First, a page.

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Showing posts from March, 2010

Not Perfect, But Not Dumb

We have mentioned before that I can be a little controlling. Everyone is aware, I hope, that I adore my daughter. And I will admit that I was skeptical early on of Steve's parenting style. But the other day I was upstairs making reeds. Nearly done for the day, even - I had a caseful of them ready to mail, and heard Steve and Zoe coming upstairs. Heard the cheerful chorus of the Diaper Changing song from her room across the hall. I waited for the end of the song and ambled over to pay my respects and found him lowering her oh-so-gently into the crib.

"Get out before she sees you!" he crooned, in the baby voice.

It's a measure of how far I've come that I did not question, I did not discuss, I did not hesitate. I dropped to my hands and knees and crept backward out of the room on my belly, careful to stay below the level of the crib bars.

Because no amount of being right or being Mom trumps naptime.

Staying on Track

How do you know if you're turning into a crackpot?

We all know them, right? The player who has sat principal in his small-town orchestra for forty years with no reality-check. The one so secure in his position that he's just always right, and no one around him is senior enough - or knowledgeable enough - to suggest that maybe his sound is getting weird and his intonation is off the charts. The player who has all the work sewn up so that every sub in the area has to go through her. These tend to be nice and lovely people, but something about the playing or the approach has just taken a strange turn in the absence of any real form of competition. I suspect these people turn up in all disciplines, but I know them best in the orchestral world.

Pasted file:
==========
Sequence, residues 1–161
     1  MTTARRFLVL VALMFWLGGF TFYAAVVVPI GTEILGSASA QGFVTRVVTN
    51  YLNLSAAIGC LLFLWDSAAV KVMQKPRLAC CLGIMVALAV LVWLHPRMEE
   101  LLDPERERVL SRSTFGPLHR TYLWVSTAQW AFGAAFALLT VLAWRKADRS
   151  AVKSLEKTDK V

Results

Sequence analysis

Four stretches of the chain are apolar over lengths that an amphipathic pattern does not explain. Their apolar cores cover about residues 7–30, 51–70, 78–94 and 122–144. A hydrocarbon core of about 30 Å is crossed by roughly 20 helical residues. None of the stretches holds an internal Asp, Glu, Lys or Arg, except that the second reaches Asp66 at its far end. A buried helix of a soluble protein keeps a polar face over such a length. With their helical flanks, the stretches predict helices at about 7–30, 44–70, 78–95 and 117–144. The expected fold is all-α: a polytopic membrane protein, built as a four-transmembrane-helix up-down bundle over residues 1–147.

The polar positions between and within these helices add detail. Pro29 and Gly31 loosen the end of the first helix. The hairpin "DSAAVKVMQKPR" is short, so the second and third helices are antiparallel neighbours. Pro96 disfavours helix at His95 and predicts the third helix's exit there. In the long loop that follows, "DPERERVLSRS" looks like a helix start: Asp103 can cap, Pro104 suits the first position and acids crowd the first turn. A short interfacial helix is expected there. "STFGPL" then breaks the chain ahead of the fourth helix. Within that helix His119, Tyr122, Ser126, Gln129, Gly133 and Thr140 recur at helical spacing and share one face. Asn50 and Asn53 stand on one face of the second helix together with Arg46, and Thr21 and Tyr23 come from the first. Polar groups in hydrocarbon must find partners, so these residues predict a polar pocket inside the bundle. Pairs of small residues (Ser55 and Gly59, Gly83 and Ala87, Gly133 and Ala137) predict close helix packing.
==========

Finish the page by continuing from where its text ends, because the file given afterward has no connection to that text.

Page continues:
It's great to be comfortable in your position, but you have to be vigilant about your playing too. Little habits creep in. Not bad ones, at first - you start to get a little lazy about reed-making, and think you've discovered a…

Logistical Morass

You know that old puzzle about the fox and the goose and the grain and the guy who wants to ferry them to the other side of the river but can only take two at once and can't leave the goose with the grain or the fox with the goose? That's completely what I feel like this week, trying to make my baggage efficient to all the gigs I'm doing without forgetting anything.

I have one case that holds an English horn and an oboe, and one case that holds any two instruments, and single cases for everything but the EH. I needed the oboe, oboe d'amore, and English horn to teach with yesterday, as we are gearing up for this week's St Matthew Passion over at Valparaiso University (click HERE for details and tickets) and I wanted to be able to play along and check reeds with and for my students that are involved with that. But this morning I need two oboes to teach a methods class (at Goshen College), and tonight I need just my one good oboe for a quintet recital (in Plymouth) …

Ceding Control

In the quintet I play in now I am not in charge. This is a new thing for me, and although I've been in the group for nearly four years now it's only recently that I've begun to realize how healthy it is.